10:48 pm - No surprise. Santorum's got Minnesota, too. With 35% reporting, he's up 46 to 27 over Paul, with Romney at 16 and Gingrich, poor old Gingrich, at 11.

10:50 pm - Very close in Colorado. With 11% reporting, Romney and Santorum are tied at 37 (359 to 357 for Romney), with Gingrich at 17 and Paul at 9.

Need I mention once again that these caucuses are decided by a tiny sliver of the electorate? They may reflect the sort of town-square democracy that works, more or less, in small city-states, such as there used to be in the ancient world and in Jefferson's imaginings, but they're not exactly democratic in any modern sense.

10:56 pm - With Santorum speaking, let me turn it over to Richard:

RKB: Not to get too far ahead of ourselves, but is it possible that Santorum will be perceived as "presidential" enough for the GOP base?

The other thing is that Santorum will be able to raise some serious money in the short term.

I'm watching Santorum speak now. Success in politics is a funny thing, Presenting strength and graciousness in victory is a particular kind of skill. We'll see how Santorum does.

He's reaching out to real conservatives in his speech. Very interesting. In a lot of ways he is a real Tea Party candidate. He could carry the spirit of the 2010 midterms better than the rest. He's going with the right-wing populist thing. This could work in the short term.

Yes, Santorum is the real anti-Romney. Gingrich tried to paint himself as a populist against Romney, but that was a joke. Santorum is a better fit for this argument.

11:33 pm - Santorum's opened up a solid lead in Colorado. With 28% reporting, he's up 41 to 31 over Romney. But these being caucuses, the votes are coming in irregularly from different parts of the state at different times. Santorum's doing well in the southern and eastern parts of the state, while Romney's doing well in the Denver suburbs, but there's nothing yet from Denver (where Romney should do very well) or El Paso County (Colorado Springs).

RKB: I like Ari Fleischer's comment that Santorum looked and sounded like an excited school boy in his speech and not at all presidential. I think that's about right. However well Santorum did today, he's got a long way to go before he looks the part. My guess is that it won't happen.

11:37 pm - The sweater vests don't help. He looks (and sounds) more Flanders-ish than presidential.

11:39 pm - And yet, there's no denying he's come a long, long way. Think back to when he got crushed in the 2006. It looked like the self-righteous, moralizing extremist was done, and I remember celebrating his loss. And think back to when Dan Savage started the whole "Santorum" thing in response to his ridiculous comments about homosexuality. He was a bigot we could all make fun of. Did it ever look like he had any sort of future in elected politics? No.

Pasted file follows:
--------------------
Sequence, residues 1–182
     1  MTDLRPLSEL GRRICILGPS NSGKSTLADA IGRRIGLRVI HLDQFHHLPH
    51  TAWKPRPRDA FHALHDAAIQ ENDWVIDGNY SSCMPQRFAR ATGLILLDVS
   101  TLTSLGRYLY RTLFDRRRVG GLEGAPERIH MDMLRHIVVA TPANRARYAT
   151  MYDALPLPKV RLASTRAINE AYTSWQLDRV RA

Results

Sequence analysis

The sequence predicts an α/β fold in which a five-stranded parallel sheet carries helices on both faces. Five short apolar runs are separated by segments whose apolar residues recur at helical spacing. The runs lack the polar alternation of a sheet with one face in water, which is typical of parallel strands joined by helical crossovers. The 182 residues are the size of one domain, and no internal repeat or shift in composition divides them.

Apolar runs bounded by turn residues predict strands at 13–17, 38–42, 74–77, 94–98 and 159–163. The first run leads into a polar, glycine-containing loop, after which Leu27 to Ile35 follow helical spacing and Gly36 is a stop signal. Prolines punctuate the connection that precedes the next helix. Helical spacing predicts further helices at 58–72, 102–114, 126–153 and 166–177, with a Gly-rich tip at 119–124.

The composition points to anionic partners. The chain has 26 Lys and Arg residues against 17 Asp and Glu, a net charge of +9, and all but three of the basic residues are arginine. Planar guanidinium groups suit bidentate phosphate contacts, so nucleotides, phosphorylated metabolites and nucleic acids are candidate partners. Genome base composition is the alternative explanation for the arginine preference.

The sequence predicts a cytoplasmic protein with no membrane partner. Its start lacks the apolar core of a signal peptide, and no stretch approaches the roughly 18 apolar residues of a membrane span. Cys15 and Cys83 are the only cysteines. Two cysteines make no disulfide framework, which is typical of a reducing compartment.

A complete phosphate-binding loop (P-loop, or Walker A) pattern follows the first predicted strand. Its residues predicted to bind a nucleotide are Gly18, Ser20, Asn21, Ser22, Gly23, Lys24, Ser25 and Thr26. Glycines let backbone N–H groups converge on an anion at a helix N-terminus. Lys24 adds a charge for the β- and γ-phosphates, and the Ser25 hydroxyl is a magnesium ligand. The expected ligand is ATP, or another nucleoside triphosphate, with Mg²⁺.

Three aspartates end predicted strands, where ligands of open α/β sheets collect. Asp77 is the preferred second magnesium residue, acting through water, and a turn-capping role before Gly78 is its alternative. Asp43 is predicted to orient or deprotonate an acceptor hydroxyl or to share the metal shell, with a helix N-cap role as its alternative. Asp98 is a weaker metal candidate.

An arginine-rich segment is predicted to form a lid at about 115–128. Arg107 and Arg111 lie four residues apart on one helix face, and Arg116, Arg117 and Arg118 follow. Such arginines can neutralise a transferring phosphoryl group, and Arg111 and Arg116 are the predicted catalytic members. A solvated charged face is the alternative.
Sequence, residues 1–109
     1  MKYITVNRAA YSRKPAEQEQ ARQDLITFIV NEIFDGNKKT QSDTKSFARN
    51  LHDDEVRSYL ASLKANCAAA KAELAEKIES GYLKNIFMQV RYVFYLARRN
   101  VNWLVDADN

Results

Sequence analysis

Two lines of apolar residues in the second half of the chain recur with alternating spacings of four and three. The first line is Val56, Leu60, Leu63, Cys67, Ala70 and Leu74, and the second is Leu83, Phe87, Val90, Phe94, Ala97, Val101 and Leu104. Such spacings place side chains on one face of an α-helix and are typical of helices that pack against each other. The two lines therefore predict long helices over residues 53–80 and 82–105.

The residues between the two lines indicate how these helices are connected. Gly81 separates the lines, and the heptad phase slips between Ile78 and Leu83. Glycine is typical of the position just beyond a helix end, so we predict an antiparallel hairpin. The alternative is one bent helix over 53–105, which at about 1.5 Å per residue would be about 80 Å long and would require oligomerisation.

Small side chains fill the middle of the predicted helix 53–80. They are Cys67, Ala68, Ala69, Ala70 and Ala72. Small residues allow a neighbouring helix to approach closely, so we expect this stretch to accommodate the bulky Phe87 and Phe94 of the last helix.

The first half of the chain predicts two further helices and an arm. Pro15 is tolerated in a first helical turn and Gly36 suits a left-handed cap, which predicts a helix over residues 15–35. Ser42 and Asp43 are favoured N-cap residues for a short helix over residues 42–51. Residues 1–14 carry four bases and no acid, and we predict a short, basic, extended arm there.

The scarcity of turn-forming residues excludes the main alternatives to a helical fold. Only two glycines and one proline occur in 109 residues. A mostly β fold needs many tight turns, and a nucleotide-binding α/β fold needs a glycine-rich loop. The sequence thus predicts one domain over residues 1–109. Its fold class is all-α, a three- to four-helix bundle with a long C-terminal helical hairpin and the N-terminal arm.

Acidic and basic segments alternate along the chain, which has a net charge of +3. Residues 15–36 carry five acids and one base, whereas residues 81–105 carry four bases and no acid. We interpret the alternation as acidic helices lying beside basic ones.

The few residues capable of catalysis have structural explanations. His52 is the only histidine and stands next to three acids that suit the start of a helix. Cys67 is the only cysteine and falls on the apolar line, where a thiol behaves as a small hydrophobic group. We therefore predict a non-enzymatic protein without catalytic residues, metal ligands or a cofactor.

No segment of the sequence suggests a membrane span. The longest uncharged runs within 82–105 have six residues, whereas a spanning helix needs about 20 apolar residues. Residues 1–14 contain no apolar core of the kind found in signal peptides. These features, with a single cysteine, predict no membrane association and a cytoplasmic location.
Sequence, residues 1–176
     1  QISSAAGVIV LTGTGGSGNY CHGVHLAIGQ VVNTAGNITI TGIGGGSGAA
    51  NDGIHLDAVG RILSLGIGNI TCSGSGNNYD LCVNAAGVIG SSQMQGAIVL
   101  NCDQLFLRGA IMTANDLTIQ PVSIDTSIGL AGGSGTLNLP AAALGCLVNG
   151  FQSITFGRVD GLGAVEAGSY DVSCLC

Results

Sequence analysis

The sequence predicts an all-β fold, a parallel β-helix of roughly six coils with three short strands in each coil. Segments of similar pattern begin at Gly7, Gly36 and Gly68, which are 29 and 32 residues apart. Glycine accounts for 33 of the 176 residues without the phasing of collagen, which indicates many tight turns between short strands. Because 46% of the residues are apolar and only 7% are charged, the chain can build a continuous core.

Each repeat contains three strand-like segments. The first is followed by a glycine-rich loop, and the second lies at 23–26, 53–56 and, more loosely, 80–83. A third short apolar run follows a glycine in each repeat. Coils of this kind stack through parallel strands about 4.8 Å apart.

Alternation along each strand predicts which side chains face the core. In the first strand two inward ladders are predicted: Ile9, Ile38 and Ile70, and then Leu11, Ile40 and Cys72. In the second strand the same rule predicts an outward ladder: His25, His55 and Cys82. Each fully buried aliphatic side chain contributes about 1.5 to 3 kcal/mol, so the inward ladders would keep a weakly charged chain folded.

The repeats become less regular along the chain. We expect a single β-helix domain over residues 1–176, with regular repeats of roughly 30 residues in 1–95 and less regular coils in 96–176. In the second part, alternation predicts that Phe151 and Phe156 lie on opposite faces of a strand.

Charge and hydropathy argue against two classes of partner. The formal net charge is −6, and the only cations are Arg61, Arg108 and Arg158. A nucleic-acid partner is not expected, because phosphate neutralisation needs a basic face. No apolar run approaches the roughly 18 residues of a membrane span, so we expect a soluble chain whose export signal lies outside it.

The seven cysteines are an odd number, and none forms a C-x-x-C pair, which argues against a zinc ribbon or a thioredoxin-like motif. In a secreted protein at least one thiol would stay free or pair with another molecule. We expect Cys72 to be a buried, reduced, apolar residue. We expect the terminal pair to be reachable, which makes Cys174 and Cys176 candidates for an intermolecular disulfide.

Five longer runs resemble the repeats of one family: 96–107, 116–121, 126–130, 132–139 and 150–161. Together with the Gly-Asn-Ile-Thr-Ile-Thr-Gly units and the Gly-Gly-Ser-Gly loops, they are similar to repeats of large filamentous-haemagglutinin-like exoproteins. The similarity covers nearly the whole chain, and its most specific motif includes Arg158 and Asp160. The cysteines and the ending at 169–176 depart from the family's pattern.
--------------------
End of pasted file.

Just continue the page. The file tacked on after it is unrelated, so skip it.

And yet here he is.

No, he won't win the nomination, I think it's still safe to say that, but he's done awfully well during this campaign. He kept going even when he was in single digits, as the various other conservative non- and anti-Romneys fell away. Then he surged and, yes, won Iowa. That appeared to be that, what with bad showings in New Hampshire, South Carolina, Florida, and Nevada, and with Gingrich re-emerging in South Carolina as Romney's main challenger, but by then Santorum was already looking ahead to today, looking to surge once more (surge being one of the key words of the race), looking to get back into it.

And he's certainly gotten back into it.

Even if he doesn't win another vote, even if this is it for him, it's been an impressive run. And certainly not what anyone with any sense at all would have predicted.

12:03 am - It's up to 46% reporting in Colorado. And it's Santorum over Romney 41 to 30.

12:04 am - Missouri's just about done, with 99% reporting. It's Santorum 55, Romney 25, and Paul 12. It looks like there's one county left, Putnam, but Santorum's won every other county. And, again, it's not at all a surprise, given how much attention he gave this non-binding primary and with Newt not even on the ballot, but a win's a win and he'll take all the wins he can get.

12:07 am -- 75% reporting in Minnesota. It's Santorum 45, Paul 27, Romney 17, and Gingrich 11.

Now this is big. Don't let Romney's low-expectations game fool you. Big in a very good way for Santorum, who ends up with almost half the vote and a decisive victory, with Newt, his rival for the anti-Romney vote, bringing up the rear. Big in a very bad way for Romney, who finishes a distant third in a state he won in 2008. Don't get me wrong, there are good explanations of this result that lessen the blow for Romney (e.g., Santorum spent a lot of time and energy here; Santorum has clear appeal for the conservative caucus electorate; Romney was the conservative alternative to McCain in 2008, whereas he's the establishment candidate now), but it's hard not to see this as a significant setback for him, particularly if Santorum wins Colorado as well and is able to come out of today with three wins, more money, and a ton of media attention.

12:17 am -- Okay, that's it for me tonight. My headache is now bigger than the size of Newt's ego.

12:19 am -- Keep checking back for more new posts from me and the great Reaction team.

Good night, everyone.